Up, Up and Away: Learn to Fly a Kite in 3 Easy Steps

School’s out, camp’s finished…and who couldn’t use a hiatus from iPhones?

Seems like it’s the perfect time to go fly a kite. Here are 3 tips to get yours safely off the ground.

1. Choose a location with lots of open space. West Ridge Park in Highland Park is a good option, as is Woodland Park in Deerfield. Independence Grove in Libertyville is also a good choice. “It’s always windy there,” says Nan Buckardt, public affairs director for the Lake County Forest Preserves. “The best place is on the raised hills to the east and north of the lake.”

2. Once you’re situated, stand with your back to the wind. Have a helper hold your kite in front of you—about 50 feet away—and (this is the trickiest part) release your kite with arms raised. The kite should quickly dart up into the air.

3. When the wind catches your kite, you’ll feel a small tug. Release a tiny bit of line and slowly move backwards—running actually makes things harder. As the kite ascends, keep your line taut, so you always remain in control.

Now you know where to go and how to do it—but with what kind of kite?

Triangles, diamonds, squares – oh my. Sometimes buying a kite can seem like a painful geometry lesson. But it doesn’t have to be. Here are three kites that are easy to assemble, affordable, and perfect for first-time fliers. (All kites are available from the Gift of Wings).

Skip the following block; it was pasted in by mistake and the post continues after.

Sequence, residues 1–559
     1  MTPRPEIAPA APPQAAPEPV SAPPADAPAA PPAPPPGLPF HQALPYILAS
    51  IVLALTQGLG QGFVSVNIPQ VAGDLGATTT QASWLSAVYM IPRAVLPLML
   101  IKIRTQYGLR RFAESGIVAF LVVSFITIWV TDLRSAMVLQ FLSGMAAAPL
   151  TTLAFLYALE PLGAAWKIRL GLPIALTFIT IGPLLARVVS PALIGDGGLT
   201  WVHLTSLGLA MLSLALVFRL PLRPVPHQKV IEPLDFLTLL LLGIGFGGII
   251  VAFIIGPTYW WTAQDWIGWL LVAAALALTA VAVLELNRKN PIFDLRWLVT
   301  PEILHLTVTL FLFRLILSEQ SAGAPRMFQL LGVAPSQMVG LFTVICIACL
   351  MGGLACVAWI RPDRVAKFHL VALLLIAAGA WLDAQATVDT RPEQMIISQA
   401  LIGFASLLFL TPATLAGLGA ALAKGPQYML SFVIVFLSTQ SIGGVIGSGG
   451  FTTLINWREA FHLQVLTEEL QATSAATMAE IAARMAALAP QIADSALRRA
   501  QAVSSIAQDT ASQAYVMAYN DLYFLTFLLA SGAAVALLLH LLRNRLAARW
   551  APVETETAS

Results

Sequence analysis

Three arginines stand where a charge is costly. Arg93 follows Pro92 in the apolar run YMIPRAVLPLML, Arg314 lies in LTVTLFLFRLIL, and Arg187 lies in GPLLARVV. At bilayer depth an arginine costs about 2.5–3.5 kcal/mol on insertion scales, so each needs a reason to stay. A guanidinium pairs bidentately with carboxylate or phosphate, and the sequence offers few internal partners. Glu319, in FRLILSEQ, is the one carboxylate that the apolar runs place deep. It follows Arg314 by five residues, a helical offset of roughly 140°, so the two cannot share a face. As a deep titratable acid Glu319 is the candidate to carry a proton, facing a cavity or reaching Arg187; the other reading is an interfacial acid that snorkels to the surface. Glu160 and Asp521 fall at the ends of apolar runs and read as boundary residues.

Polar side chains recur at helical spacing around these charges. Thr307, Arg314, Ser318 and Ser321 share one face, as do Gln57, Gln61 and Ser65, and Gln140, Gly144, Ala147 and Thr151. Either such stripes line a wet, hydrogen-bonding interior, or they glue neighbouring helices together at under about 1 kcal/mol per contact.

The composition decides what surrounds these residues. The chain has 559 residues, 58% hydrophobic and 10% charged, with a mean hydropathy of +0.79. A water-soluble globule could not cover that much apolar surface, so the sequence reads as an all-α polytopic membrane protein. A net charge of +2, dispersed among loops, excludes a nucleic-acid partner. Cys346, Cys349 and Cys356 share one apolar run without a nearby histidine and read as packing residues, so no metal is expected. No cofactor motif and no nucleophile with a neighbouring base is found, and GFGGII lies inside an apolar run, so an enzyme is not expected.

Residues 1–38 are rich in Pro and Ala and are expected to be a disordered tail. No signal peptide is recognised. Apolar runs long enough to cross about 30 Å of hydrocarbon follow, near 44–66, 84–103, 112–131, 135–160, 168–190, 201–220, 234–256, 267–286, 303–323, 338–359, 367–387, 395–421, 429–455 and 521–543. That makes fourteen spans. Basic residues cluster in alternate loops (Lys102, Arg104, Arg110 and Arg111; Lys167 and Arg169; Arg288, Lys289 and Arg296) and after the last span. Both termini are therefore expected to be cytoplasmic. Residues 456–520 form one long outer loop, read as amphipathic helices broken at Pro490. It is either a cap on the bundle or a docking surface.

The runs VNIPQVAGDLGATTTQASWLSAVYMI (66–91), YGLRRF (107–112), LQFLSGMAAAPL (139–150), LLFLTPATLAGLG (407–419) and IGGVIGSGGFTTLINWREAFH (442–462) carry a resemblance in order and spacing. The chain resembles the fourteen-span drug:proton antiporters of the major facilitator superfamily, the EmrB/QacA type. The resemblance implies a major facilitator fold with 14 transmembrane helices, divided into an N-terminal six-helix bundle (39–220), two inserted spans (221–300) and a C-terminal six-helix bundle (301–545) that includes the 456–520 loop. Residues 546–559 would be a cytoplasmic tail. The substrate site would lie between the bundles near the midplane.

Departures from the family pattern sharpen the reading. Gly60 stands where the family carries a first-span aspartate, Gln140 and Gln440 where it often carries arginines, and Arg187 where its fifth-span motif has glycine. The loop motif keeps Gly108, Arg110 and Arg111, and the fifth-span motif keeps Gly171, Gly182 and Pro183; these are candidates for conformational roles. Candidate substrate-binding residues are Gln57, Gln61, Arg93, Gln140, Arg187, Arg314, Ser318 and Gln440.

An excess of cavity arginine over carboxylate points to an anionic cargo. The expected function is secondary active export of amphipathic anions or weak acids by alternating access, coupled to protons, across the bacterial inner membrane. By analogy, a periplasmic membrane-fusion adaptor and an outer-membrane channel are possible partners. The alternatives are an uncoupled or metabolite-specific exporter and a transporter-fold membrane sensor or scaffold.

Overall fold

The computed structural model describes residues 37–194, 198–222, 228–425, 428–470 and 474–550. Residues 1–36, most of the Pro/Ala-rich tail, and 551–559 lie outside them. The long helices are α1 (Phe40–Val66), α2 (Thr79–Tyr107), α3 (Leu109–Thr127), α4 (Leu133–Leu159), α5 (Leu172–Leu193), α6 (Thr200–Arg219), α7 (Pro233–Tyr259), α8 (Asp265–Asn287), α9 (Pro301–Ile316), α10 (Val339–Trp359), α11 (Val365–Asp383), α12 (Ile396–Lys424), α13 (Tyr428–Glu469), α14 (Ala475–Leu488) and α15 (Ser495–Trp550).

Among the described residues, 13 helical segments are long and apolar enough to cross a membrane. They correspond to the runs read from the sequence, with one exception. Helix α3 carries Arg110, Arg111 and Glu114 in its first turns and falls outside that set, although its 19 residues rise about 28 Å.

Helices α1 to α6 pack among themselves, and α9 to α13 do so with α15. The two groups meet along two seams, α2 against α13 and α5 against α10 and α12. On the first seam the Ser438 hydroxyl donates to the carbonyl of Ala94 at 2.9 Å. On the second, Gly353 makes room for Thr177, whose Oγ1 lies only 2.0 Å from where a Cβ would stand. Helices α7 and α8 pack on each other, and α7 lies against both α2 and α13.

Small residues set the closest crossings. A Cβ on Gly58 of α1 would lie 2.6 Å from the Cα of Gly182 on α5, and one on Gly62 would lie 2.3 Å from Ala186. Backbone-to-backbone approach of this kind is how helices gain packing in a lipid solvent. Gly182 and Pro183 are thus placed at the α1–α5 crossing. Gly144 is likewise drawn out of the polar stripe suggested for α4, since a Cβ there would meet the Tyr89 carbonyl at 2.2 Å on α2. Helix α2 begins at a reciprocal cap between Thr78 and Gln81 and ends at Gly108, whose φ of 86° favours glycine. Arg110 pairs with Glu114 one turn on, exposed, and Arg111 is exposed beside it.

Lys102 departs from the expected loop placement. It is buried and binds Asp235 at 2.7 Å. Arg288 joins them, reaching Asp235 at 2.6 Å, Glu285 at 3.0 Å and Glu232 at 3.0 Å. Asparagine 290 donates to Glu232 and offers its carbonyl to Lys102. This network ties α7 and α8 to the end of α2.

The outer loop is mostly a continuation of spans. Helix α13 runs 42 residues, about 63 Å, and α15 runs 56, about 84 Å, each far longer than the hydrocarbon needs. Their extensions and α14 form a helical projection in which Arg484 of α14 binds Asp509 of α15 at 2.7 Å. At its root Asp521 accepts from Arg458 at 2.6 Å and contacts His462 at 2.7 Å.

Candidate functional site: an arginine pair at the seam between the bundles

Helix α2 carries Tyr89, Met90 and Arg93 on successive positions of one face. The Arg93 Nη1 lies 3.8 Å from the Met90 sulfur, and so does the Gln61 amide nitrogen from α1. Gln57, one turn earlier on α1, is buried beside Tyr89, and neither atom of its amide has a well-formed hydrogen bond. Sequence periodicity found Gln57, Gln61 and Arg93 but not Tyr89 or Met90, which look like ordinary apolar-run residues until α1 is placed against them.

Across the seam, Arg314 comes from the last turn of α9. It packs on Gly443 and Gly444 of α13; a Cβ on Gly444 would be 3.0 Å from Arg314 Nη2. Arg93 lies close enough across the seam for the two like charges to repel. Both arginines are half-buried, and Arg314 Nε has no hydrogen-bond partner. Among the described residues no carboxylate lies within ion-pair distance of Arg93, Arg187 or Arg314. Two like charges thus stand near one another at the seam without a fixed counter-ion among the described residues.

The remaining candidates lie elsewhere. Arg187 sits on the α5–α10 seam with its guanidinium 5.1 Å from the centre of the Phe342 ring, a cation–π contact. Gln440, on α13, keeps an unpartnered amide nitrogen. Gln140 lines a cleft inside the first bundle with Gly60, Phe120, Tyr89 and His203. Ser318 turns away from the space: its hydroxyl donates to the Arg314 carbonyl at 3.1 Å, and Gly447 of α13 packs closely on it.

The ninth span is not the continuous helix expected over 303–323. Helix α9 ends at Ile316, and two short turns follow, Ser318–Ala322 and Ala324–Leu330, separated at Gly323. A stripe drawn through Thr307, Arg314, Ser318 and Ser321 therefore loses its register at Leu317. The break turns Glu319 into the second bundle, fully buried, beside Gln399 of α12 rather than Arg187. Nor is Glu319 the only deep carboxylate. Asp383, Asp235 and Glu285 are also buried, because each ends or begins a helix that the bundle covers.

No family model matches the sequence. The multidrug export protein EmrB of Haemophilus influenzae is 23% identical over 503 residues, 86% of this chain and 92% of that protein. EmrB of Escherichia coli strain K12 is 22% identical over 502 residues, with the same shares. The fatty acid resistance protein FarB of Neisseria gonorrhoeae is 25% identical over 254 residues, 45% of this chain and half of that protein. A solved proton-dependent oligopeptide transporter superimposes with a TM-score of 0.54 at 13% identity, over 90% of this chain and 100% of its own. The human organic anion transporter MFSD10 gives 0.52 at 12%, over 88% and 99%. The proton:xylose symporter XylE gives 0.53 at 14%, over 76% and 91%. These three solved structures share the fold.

We love the Parafoil 3.5 ($25.95). It’s totally portable (no assembly required), and comes in a cool little neon sack. Plus, it’s pretty to look at from the ground. “It looks like a little parachute,” says Scott Fisher, owner of the Gift of Wings.

Another good bet is the 25-inch Diamond Kite ($12.95), which is more of a traditional-shaped kite. The diamond kite is easy to assemble, and comes in a variety of patterns: turtles, ladybugs, unicorns, butterflies, dinosaurs and frogs.

Finally, we couldn’t resist the tiny Professor Brain Mini-Kite ($2.50). Perfect for a family on a budget, it’s not only cute, but practical, weather-wise. “The mini-kite requires little wind,” Fisher says. “You can even fly it indoors.” Just be sure to handle the tissue-thin flyer with care.

Find kites locally at a number of toy stores:

  • The Beanstalk in Highland Park carries 30-inch diamond kites for around $19, along with $10 mini-versions.
  • Wishes Toy Wonderland in the Glen Town Center carries 25- and 30-inch kites for about $15-20.
  • Children’s Gift Shop in Northfield has a great assortment of inexpensive kites, ranging from $4.99 to $12.99.
  • Becky & Me Toys in Evanston and Glenview carries brightly-colored 30-inch kites for $20.
  • The Toy Station in Highland Park offers a wide variety of sizes and styles, including inexpensive nylon and plastic options and Delta kites for about $35.